The Surprising Ways Stress Affects Your Body

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The Surprising Ways Stress Affects Your Body

Everyone deals with stress some of the time. One of the most popular times? The holidays. Gifts to buy, meals to cook, family drama to dredge up again. It can be a lot to handle. Most of us probably know the telltale symptoms of stress: muscle tension, headaches, sleeplessness, irritability. But it has some more surprising and insidious effects, too.For example, did you know that there's a scientific link between stress and acne? Stress creates an inflammatory response, which can cause otherwise harmlessly clogged pores to turn red and trigger the production of pus, creating unsightly zits. This inflammatory response can also make you more susceptible to colds and other illnesses, according to a 2012 study in PNAS.

Postprandial Somnolence Is The Scientific Term For Food Coma

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Postprandial Somnolence Is The Scientific Term For Food Coma

"I can't believe I ate the whole thing!" That's how it starts. How it ends: a nap on the couch, or at least a very unproductive afternoon. In everyday language, it's known as a food coma, carb coma, or the itis. In scientific terms, it's called postprandial somnolence ("postprandial" means after a meal, "somnolence" means drowsiness. Scientists are so fancy). But why does it happen?

Mirror Neurons Activate With Your Actions And The Actions Of Others

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Mirror Neurons Activate With Your Actions And The Actions Of Others

In the 1990s, Italian neuroscientists discovered something amazing in the brains of macaque monkeys: there were motor (movement) cells that activated the same way when the monkeys did something as they did when the monkeys watched others do the same thing. They called these "mirror neurons." The idea is that when you watch someone else pick up a glass, kiss a loved one, or perform any other action, mirror neurons are making your brain simulate that activity; acting as if you were doing it yourself even when you're standing still. Other scientists quickly began studying their role in all sorts of areas, from empathy to autism.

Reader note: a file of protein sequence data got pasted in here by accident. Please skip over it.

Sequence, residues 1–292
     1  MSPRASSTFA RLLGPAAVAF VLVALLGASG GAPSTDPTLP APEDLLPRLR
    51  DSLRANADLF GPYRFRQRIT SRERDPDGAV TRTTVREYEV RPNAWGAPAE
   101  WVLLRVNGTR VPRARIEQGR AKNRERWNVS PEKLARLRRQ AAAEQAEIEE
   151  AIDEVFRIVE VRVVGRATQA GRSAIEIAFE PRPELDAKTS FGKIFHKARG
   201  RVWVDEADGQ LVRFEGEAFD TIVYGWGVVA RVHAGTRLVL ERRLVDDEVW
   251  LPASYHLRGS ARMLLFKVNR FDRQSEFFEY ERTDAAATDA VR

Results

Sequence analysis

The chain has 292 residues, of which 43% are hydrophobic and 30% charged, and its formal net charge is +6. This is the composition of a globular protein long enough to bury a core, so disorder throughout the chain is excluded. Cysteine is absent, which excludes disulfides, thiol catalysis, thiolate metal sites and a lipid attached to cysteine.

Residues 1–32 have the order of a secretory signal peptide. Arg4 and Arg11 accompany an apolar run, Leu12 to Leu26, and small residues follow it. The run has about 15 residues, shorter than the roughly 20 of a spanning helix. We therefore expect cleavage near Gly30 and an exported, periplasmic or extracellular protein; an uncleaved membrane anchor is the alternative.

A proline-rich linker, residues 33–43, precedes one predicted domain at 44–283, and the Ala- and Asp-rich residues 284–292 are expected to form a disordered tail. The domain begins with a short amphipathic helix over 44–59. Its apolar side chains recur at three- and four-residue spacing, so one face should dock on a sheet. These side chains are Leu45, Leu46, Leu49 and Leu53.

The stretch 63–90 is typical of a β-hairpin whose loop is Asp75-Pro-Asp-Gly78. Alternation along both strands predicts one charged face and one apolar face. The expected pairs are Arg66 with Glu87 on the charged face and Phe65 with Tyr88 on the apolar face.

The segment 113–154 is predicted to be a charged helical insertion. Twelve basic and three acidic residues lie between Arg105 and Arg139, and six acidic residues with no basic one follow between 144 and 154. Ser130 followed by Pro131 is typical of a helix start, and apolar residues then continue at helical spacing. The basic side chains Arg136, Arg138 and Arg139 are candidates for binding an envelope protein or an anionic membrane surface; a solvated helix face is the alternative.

Animals Can Be Born With Two Heads

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Animals Can Be Born With Two Heads

You might want to sit down for this one... two-headed sharks are very much a thing. But before you cancel your holiday beach trip for fear of a JAWS-style attack times two, know that the likelihood of a two-headed shark birth is 0.13 percent, and if the shark actually survives, its life will almost surely be brief. Quick—re-book those flights to Florida!The biological phenomena of animals being born with two heads is called dicephalia. Although rare, two-headed animals have been documented since the 1800s. A producer named Todd Ray actually has the Guinness World Record for the largest collection of two-headed animals, including a two-headed goat and a two-headed albino hog-nosed snake. So what causes this defect—could it be man-made?

Neuroscientists Found The Most Relaxing Song

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Neuroscientists Found The Most Relaxing Song

How do you manage your stress? Maybe you blow off steam by going on a run, or practice the art of mindfulness with meditation or a yoga class. You might know that music therapy has been proven effective in managing stress, but did you know that neuroscientists have determined the most relaxing song? Give it a listen in the video below, then decide if you agree with their findings.The song is "Weightless" by English ambient music band, Marconi Union. UK neuroscientists from Mindlab International conducted a study where they instructed participants to solve difficult puzzles while they were attached to sensors. While the puzzles did their magic raising the participants' stress levels, the scientists measured their brain activity, heart rate, blood pressure, and breathing. Dr. David Lewis-Hodgson of Mindlab International explains to Inc. that "Weightless" "produced a greater state of relaxation than any other music tested to date," dropping participants' anxiety rate by 65 percent.